Aside from that, there’s something about the way Lanebreak visualizes intervals and gamifies workouts that keeps the treadmill running easier. And I say that as someone who can run outside for three straight hours, but normally can barely walk on a treadmill for 20 minutes.
However, a 20 minute Lanebreak level hardly felt like 10 minutes. (I was sweating like it was a 30-minute workout, though.) At one point, I was genuinely surprised to realize I was running up a virtual hill with a 5 percent incline at 6 miles per hour. I would never do that on a treadmill on my own accord. I know, because I took a lot of Peloton Tread classes when I reviewed the treadmill last year.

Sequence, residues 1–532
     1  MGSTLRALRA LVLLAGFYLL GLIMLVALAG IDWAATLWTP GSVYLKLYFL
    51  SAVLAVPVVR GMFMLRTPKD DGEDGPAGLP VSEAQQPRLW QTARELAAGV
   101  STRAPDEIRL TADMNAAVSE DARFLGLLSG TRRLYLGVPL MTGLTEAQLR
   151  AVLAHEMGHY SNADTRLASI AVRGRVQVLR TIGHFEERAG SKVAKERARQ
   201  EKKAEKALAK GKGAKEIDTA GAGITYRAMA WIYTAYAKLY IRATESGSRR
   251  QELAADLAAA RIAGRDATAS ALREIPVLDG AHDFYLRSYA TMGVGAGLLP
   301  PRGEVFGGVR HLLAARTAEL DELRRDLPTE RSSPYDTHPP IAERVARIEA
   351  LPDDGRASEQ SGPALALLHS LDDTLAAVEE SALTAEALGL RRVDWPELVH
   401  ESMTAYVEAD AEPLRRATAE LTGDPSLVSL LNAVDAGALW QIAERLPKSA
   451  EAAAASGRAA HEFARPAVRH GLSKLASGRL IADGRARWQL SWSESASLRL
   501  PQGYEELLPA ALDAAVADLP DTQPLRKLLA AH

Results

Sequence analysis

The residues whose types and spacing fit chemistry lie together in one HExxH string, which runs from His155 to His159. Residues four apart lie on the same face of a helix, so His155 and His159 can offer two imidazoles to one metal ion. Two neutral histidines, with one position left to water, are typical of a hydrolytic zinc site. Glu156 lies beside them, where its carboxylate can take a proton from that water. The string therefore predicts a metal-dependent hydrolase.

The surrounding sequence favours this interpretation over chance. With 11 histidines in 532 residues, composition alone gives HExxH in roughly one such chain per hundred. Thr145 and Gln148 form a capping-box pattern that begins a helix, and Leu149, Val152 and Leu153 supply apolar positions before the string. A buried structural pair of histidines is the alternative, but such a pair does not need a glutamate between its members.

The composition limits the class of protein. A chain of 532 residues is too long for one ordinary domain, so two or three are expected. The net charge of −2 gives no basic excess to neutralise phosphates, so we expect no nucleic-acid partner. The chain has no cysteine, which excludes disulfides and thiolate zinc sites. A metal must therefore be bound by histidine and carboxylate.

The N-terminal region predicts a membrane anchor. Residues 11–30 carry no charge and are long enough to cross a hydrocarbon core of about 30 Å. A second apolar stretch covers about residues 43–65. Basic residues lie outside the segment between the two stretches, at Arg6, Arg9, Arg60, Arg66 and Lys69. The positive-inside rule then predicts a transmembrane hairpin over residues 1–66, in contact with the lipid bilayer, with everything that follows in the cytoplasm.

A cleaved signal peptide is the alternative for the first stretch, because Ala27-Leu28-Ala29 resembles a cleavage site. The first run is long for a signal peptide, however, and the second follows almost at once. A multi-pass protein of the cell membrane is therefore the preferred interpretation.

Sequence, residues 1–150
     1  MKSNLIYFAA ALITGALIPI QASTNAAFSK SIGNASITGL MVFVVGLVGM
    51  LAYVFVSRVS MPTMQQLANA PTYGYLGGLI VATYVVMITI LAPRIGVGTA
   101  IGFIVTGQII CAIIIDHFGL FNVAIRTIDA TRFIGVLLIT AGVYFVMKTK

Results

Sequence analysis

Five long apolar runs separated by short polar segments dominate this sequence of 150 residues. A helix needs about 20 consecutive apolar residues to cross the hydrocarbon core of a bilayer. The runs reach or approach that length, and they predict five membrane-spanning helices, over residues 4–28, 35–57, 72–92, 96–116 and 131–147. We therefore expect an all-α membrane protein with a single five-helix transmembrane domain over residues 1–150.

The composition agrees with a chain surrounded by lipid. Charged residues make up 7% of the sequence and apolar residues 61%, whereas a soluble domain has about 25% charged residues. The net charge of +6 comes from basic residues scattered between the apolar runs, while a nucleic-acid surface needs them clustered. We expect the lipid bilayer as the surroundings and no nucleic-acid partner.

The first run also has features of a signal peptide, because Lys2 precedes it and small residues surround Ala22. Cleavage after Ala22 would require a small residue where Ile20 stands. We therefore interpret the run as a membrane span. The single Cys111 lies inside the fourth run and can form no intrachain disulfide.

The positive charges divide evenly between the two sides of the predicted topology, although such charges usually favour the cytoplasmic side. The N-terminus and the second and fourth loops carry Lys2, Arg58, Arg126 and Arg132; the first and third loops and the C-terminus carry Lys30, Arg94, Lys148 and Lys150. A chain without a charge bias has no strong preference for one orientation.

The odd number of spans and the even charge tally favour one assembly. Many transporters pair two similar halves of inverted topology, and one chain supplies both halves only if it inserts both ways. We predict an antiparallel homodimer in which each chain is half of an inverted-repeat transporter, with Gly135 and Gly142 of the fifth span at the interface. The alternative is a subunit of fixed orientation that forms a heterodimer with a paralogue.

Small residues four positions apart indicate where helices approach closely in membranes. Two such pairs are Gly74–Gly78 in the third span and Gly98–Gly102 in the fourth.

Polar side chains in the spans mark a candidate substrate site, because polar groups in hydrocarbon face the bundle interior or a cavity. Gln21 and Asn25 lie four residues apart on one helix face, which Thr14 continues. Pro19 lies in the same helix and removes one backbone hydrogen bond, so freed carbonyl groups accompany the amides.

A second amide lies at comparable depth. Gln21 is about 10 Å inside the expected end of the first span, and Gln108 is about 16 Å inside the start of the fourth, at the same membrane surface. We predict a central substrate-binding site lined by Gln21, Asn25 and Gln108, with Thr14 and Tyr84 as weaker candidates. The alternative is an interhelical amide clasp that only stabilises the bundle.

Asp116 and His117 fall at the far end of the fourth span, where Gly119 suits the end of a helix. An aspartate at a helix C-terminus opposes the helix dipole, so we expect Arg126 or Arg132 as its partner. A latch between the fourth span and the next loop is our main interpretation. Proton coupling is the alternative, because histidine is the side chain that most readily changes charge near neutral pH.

And while I found classes more motivating than simply running on the tread, no instructor ever made me forget that I trudged through a hill interval. My eyes were always fixated on the interval countdown, waiting for me to bless the incline down. (This is a surefire way to make 30 seconds feel like five minutes.) But in Lanebreak, I was less focused on the numbers because I to see the hill I was on and how much was left before I could enjoy a descent. I saw myself going through it no matter the time. It’s a deft, psychological sleight of hand – but it works! It really works!
“You’re encouraged because you see what’s coming, and you’re willing to push to get there,” agrees Gwen Riley, Peloton’s senior vice president of music and head of content. Riley notes that unlike classes, where an instructor can give you a speed and incline range that you’re free to ignore, gamified workouts yield an instant payoff.